Trillions of Dollars Evaporate Without Warning

Dear Money & Crisis Reader,

“The bestlaid plans of mice and men often go awry.” —Robert Burns

Once upon a time, you could rest easy knowing that if you put a certain amount into an account every paycheck, your retirement was safe and secure.

But these days — post-2008, that is — you no longer have that certainty.

Inflation is eating away at our savings…

The estimated cost of retirement is skyrocketing…

And the next wave of retirees is woefully unprepared for another financial crisis.

In fact, the reality is that our retirement was never really as “safe” as we thought it was.

We just had a spell of good luck… and the other shoe just hadn’t dropped yet.

All it took was one financial crisis — and the heap of personal debt that followed — to scupper millions of retirement plans.

And it’s not just folks who had half-baked retirement plans that were affected.

The Decade-Long Retirement Recovery

Savvy spenders who invested wisely… and planned their retirement meticulously… watched as their retirement savings took a colossal hit.

During the crisis, trillions of dollars evaporated from the 401(k) accounts of American workers.

If you had been on the job for 20 years at the time, the average loss to your savings was a massive 25%.

It’s taken nearly a decade for the country’s 401(k)s to fully recover. But the folks who retired before then — especially those who clocked out between 2008 and 2011 — took an enormous hit.

In one of our regular strategy meetings, Currency Wars author Jim Rickards pointed out that the 401(k) is great as a savings incentive… But it isn’t as bulletproof as everyone thinks.

“The tax benefits of the 401(k) are fine,” says Jim. “The idea that you can put in pre-tax dollars and possibly get a match from your employer, let it compound tax-deferred for decades… that’s all good.

“There’s no reason not to take free money from the government.

“But the problem is often that the choices are quite limited. They steer you into either money market funds, which of course pay nothing, or stocks, which are doing very well for years but in my view are unduly risky.”

But the folks who had to defer their retirement because of the financial crisis weren’t those who were hit the worst.

You’ve probably heard that 8.8 million people lost their jobs during the Great Recession.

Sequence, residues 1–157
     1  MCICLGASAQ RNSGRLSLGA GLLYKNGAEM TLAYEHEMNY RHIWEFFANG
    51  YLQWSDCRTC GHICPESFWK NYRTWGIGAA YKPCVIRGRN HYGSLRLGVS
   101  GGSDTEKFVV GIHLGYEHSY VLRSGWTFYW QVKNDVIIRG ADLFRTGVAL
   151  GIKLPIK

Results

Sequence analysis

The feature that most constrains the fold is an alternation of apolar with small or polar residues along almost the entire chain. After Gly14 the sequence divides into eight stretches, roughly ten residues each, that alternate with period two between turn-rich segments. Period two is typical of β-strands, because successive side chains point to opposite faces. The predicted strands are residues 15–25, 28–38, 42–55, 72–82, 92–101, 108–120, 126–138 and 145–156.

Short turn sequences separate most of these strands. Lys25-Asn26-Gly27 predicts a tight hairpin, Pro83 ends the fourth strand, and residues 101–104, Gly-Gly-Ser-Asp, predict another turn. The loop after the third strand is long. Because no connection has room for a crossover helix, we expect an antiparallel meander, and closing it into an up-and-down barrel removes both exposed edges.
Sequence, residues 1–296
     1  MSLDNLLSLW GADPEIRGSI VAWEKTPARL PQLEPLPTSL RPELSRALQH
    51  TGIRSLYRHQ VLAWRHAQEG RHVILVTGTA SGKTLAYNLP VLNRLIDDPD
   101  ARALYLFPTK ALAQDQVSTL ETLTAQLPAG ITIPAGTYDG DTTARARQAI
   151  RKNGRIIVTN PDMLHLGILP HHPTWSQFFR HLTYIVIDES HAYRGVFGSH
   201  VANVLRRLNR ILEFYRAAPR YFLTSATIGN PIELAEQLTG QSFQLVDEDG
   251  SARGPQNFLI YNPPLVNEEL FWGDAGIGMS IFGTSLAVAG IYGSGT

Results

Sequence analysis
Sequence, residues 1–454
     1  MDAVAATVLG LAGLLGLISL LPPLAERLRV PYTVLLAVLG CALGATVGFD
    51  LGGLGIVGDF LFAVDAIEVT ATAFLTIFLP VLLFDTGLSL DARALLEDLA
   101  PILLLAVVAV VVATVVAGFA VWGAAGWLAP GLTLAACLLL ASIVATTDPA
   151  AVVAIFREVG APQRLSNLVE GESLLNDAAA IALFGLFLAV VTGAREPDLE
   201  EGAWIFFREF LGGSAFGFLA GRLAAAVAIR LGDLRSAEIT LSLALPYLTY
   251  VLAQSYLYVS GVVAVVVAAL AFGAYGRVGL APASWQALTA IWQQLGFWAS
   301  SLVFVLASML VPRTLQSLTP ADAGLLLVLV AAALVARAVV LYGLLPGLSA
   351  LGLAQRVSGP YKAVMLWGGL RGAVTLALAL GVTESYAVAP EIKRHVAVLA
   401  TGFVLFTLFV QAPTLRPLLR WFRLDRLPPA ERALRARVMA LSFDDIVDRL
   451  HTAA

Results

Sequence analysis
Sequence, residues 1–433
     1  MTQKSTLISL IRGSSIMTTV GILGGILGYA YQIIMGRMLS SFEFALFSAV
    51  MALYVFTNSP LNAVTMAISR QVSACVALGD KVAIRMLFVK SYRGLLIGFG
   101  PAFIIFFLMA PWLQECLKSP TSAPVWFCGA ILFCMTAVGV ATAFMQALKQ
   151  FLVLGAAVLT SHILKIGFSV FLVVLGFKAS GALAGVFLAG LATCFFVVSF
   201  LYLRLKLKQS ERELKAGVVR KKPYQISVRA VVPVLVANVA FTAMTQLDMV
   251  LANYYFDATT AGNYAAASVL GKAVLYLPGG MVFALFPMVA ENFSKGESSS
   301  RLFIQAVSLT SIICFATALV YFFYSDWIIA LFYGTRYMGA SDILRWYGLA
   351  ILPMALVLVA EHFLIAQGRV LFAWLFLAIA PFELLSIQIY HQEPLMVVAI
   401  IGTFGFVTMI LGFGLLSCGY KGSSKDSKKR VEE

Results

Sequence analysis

But did you know that 60% of the folks who lost their jobs were working mid-wage jobs paying between $14 and $21 per hour?

Many of them worked in financial services and construction. They never imagined they’d lose their job — let alone be out of work for six months… a year… or even longer.

Most of these folks had never even heard of an emergency fund… let alone actually had one.

In their desperation, they turned to the only place they could — their 401(k)s.

Some folks took out loans against their 401(k), which took them years to pay back.

But almost half of the workers who lost their jobs cashed out their 401(k) accounts altogether.

As you can imagine, this devastated their retirement plans.

Many of these folks will never get back on track. And will have to make serious lifestyle changes once retirement rolls around.

The hard truth is… you can prepare for your retirement all you want… But if you’re not ready for crisis, all that preparation isn’t worth a hill of beans.

So what could they have done differently? How could they have safeguarded their finances against this disaster? And what can you do to make sure it doesn’t happen to you?

Like Kevlar for Financial Calamity

These folks needed an emergency fund.

This is simply a stash of money set aside to act as a financial cushion when times are hard.

According to Forbes, you’re six times more likely to take out a loan against your 401(k) if you don’t have an emergency fund.

Most financial experts recommend that you save three-six months pay for your emergency fund.

But as we’ve seen in the past, the time it takes to find a job is drastically increased during a financial crisis.

For that reason, I recommend trying to save eight months to a full year of pay for your emergency fund.

That way you’re covered if you lose your means of earning for an extended period. And you won’t have to dip into your retirement savings.

Trust me. You won’t regret it.

All the best,

Owen Sullivan

Owen Sullivan
Editor, Money & Crisis

Editor’s note: The strategies you read in Money & Crisis were developed with the help of Jim Rickards, the best-selling author of Currency Wars and The Death of Money.

For a limited time only, Jim is sending readers a FREE copy of his brand-new hardcover book The Road to Ruin: The Global Elites’ Secret Plan for the Next Financial Crisis.

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